Over the last few years, I have described several European companies that combined or had a touch point with Chrysler and this article describes the foundation for Chrysler in Europe. It is Simca or the Societe Industrielle de Mecanique et de Carroserie Automobile.
Founded in 1934 as a new entity, it was the evolution of a 10 year business venture between two Italians, Henri Theodore Pigozzi and Giovanni Agnelli of FIAT. Pigozzi was born in Turin and met Agnelli in the early 1920s. He started by selling old car bodies to FIAT so that they could be recycled and then he became the distributor for FIAT in France forming the company SAFAF – Societe Anonyme Francais des Automobiles FIAT.
Two years later, Pigozzi started to build FIATs under licence in France and in 1935 he founded Simca to build cars with his own badge on it. To do this he bought the old Donnet factory. Donnet had manufactured cars for about 20 years before production ended in 1934. Pigozzi used the experienced Donnet workers and funds from FIAT to start his new company. The first cars were badged as Simca-FIAT and were the baby FIAT models like the Ardita and Ballila but named 6CV and 11CV – the CV is short for “Chevaux” or horse, meaning horsepower. Very soon the FIAT badge was dropped altogether even though the cars were FIATs through and through.
After World War 2, Simca resumed the production of the pre-war cars and the launch of the last FIAT based car the Simca 6 with a 600cc engine. Work had also started on a new car that was a local design. In 1951, Simca expanded by acquiring the truck maker Unic to break into that market segment and they launched their local design the 9 Aronde with a 1200cc motor and a unibody structure. It came in a variety of styles: 4 door, 3 door wagon and a 2 door coupe. The coupe was built by Facel Vega. The 9 Aronde model was in production until 1955 when it was replaced by a new version.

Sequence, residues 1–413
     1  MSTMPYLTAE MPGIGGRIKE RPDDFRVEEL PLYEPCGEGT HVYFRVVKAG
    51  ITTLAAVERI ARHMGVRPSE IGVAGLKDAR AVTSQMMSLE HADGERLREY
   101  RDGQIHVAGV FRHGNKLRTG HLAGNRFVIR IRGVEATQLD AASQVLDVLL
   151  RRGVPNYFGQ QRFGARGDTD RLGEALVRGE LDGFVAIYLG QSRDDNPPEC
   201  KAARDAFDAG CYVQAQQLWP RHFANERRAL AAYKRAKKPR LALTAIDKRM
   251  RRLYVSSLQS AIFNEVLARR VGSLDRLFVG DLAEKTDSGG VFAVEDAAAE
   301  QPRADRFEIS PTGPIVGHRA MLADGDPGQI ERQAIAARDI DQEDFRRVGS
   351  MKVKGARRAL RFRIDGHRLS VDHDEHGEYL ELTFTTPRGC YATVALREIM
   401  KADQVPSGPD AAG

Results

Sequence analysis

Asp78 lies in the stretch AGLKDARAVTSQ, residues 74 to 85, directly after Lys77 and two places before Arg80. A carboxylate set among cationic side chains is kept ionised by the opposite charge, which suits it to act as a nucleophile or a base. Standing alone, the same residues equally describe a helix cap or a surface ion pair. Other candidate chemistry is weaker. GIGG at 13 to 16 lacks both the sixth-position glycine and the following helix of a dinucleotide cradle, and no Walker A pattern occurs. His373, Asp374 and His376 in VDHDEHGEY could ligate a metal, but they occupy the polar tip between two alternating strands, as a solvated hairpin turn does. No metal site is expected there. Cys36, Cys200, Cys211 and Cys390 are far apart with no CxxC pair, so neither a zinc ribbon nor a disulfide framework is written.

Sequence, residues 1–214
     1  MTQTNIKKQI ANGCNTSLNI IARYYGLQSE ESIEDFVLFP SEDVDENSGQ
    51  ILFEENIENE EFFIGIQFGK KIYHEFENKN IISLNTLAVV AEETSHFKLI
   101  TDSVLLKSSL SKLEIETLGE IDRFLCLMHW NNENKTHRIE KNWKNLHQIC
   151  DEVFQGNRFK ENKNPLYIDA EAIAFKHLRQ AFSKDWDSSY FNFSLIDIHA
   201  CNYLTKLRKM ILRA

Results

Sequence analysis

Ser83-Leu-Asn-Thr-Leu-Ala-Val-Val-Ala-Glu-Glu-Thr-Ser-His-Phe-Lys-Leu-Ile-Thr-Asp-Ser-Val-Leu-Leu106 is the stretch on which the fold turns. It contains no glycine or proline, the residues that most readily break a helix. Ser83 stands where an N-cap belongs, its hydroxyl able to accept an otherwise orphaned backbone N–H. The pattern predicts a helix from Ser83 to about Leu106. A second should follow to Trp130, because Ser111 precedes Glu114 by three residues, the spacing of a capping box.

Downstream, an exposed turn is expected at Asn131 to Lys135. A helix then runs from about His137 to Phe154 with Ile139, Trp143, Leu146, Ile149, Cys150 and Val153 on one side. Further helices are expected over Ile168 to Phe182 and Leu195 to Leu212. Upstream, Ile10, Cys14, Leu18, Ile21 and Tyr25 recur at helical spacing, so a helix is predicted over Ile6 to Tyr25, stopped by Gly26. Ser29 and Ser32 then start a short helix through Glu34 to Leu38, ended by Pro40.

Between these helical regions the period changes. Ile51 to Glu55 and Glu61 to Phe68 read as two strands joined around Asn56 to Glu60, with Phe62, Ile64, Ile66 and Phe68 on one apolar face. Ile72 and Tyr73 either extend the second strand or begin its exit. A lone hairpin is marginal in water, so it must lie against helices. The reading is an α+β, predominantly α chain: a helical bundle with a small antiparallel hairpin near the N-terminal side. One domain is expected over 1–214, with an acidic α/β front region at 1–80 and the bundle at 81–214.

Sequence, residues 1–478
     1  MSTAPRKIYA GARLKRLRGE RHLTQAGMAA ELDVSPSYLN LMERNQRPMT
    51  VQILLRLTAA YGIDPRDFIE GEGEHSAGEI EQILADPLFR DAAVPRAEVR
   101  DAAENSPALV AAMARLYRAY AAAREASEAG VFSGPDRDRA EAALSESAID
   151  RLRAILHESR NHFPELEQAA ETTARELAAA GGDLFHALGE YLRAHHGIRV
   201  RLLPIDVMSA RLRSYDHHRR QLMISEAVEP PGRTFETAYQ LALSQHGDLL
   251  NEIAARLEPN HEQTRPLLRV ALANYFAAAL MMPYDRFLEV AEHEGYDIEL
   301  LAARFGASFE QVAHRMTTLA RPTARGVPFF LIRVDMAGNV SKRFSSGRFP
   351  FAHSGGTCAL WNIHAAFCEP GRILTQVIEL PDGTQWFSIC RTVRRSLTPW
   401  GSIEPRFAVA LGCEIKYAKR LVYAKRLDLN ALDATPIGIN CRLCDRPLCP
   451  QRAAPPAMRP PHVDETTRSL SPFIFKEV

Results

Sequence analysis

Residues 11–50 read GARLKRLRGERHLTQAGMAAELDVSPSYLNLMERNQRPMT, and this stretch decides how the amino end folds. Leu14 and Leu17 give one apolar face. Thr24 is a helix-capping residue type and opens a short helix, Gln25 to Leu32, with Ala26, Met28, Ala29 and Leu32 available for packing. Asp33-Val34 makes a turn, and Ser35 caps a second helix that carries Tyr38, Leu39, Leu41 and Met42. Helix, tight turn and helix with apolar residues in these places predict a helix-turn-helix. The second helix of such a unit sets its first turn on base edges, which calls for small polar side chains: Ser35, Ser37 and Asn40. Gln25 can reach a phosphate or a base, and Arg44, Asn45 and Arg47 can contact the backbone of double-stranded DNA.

The next stage of expansion occurred in 1954 when Simca did a deal to run the assets of the French division of Ford including building their V8 model, the Vedette. The factory was much bigger than the older Simca building so the company could now manufacture several models in one place. Ford also took a financial interest in the company. The following year came the 90A Aronde, which was the restyled 9 with a 1300cc motor. In 1956, Simca continued their expansion into the commercial market with the acquisition of another truck maker called Saurer. Two new models, the Oceane and the Plein Ciel joined the 90A in 1957 by which time the 500,000th unit had rolled off the production lines.
The 90A was replaced in 1958 by the P60 that had more modern styling and came with either a 1 litre or the older 1.3 motor. The same year, Simca bought the French version of Talbot, the Talbot-Lago business that Anthony Lago had run since Talbot had fractured with the British arm when they merged with Sunbeam and Darracq. Later that year, Chrysler came on the scene because they wanted to break into the European market and did a deal to buy Ford’s stake in the company. Chrysler took Simca designs and built them in other countries. The Vedette model was built in Brazil and the P60 was built in Australia for that market as a wagon.